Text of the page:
Unlike other known cyberespionage campaigns, this one appears oddly rudimentary in that it uses publicly available tools and basic obfuscation methods, and doesn't encrypt its command-and-control communications, according to researchers at Eset, which posted its analysis of the malware and attack late yesterday.
"String obfuscation using simple rotation (a shift cipher), no cryptography used in network communication, persistence achieved through the startup menu and use of existing, publicly-available tools to gather information on infected systems shows that the attackers did not go to great lengths to cover their tracks. On the other hand, maybe they see no need to implement stealthier techniques because the simple ways still work," wrote Jean-Ian Boutin, a malware researcher with Eset.
The malware campaign is at least two years old and is spread via phishing emails with rigged Word and PDF files, according to Eset. It steals sensitive information via keyloggers, screenshots, and uploading stolen documents, unencrypted. "The decision not to use encryption is puzzling considering that adding basic encryption would be easy and provide additional stealth to the operation," Boutin says.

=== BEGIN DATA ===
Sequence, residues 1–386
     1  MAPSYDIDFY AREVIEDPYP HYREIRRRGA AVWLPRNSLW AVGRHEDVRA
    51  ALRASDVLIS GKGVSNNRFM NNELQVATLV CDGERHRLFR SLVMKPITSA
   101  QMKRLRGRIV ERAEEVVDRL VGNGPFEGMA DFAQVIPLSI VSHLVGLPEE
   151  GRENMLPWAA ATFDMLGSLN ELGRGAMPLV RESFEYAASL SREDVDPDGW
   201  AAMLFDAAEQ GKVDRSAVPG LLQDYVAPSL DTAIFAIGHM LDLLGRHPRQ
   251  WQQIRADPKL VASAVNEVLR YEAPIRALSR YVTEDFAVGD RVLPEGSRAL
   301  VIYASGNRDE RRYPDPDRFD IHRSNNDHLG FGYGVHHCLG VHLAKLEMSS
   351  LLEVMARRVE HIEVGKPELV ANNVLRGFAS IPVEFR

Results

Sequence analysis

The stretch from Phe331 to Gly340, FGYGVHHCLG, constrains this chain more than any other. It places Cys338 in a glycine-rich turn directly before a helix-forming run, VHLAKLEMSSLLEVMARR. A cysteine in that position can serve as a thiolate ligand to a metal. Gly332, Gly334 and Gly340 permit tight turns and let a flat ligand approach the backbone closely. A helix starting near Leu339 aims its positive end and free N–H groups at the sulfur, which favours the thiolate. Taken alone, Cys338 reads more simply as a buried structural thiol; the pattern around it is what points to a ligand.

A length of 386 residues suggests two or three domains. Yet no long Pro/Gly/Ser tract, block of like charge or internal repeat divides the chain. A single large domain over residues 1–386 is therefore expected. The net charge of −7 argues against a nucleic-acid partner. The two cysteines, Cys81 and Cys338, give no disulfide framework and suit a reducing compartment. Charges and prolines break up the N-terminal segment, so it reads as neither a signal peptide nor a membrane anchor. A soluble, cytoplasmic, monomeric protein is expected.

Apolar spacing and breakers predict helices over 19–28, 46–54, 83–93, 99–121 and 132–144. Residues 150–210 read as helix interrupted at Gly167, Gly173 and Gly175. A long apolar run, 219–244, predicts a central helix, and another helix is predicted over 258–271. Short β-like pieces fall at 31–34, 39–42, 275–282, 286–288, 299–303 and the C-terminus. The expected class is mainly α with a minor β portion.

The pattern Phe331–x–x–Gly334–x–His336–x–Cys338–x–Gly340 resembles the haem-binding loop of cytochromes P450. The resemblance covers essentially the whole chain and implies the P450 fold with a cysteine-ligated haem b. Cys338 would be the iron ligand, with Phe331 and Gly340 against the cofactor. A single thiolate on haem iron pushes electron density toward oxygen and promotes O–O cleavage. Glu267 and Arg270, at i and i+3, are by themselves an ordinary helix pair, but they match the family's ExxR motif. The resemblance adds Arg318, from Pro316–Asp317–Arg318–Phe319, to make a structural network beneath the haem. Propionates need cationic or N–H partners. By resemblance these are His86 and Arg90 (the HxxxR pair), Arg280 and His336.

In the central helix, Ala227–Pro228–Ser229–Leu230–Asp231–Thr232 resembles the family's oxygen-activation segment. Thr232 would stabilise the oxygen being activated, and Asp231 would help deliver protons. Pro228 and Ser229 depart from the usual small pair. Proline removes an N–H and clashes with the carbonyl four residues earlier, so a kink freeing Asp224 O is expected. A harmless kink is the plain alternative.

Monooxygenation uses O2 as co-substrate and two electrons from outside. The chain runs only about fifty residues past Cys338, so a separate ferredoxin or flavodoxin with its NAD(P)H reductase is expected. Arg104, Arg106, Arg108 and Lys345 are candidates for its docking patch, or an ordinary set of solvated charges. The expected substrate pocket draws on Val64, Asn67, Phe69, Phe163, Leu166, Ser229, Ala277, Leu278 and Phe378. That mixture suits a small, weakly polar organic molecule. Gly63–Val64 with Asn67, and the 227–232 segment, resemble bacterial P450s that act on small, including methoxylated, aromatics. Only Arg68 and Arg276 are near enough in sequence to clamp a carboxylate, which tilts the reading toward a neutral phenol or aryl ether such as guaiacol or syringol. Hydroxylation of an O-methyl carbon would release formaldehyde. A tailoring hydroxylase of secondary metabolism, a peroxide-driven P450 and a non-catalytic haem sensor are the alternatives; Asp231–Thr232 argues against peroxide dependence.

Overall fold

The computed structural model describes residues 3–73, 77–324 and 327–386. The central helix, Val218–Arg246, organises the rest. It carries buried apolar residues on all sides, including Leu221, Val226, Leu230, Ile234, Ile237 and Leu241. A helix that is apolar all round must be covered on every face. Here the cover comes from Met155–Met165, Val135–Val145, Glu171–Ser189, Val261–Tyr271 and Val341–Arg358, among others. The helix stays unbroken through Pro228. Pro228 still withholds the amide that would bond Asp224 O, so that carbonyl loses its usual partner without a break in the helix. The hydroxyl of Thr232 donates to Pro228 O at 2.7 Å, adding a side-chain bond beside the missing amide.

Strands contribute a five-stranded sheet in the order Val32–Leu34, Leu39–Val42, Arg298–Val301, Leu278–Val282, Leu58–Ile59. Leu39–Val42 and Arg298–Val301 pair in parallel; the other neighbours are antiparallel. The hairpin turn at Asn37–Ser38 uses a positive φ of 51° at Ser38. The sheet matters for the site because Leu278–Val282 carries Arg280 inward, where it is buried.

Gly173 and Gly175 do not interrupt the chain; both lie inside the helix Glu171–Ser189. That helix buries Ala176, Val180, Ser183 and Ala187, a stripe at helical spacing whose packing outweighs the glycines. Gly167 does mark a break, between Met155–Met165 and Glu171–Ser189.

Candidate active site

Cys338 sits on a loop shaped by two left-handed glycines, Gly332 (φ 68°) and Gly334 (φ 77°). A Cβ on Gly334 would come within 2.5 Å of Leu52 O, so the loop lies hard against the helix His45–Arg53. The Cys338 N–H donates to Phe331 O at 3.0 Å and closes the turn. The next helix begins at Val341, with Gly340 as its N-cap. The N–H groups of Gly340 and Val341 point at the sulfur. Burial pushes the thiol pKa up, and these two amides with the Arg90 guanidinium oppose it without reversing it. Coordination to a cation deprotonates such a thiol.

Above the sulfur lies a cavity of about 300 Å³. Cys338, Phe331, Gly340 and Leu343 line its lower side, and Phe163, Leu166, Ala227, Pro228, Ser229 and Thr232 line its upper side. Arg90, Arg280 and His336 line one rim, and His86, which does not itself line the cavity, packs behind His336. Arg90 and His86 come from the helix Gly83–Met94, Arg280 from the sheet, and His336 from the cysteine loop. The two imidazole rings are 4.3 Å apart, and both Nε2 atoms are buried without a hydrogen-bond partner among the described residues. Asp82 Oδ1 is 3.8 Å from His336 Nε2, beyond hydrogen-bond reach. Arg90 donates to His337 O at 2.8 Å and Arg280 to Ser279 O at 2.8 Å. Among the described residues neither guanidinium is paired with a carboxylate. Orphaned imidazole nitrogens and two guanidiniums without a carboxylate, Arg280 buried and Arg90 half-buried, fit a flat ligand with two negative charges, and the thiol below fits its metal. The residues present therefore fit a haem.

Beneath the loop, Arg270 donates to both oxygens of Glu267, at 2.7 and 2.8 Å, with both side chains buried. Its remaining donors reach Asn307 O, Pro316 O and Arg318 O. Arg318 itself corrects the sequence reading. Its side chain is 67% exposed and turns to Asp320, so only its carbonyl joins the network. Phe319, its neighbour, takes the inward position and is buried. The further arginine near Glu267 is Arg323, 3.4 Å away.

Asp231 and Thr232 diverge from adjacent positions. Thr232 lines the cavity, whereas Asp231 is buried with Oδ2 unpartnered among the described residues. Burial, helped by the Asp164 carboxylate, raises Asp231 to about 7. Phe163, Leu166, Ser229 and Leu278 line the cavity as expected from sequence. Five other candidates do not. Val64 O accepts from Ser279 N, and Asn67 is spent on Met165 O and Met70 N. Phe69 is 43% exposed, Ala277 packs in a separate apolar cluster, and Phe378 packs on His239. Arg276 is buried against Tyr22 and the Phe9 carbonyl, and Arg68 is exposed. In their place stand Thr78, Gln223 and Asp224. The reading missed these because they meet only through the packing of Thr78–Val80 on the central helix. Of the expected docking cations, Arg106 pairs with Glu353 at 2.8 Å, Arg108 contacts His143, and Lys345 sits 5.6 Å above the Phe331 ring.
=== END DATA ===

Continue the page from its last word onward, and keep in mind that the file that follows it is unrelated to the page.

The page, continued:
The attack uses a code-signing certificate issued in 2011 to a New Delhi, India-based Technical and Commercial Consulting Pvt. Ltd., and is designed to ensure the malware binaries could spread within the victim organization. The certificate had been revoked in late March 2012, but was still in use. Eset contacted VeriSign, which revoked the cert. Eset found more than 70 binary files signed with the malicious certificate.
Among the attachments was one that appears to be about Indian military secrets. "We do not have precise information as to which individuals or organizations were really specifically targeted by these files, but based on our investigations, it is our assumption that people and institutions in Pakistan were targeted," Boutin says.
Nearly 80 percent of the infections are in Pakistan, according to Eset. One version of the attack exploits a known and patched Microsoft Office flaw, CVE-2012-0158. The malware executes once the victim opens a malicious Word attachment; the other method used in the attack uses PE files that appear to be Word or PDF attachments.
The attackers used NirSoft's WebPassView and Mail PassView tools for recovering passwords in email clients and browser stores; the tools were signed by the malicious cert.
Eset's full analysis of the targeted attack campaign is in a blog post here.
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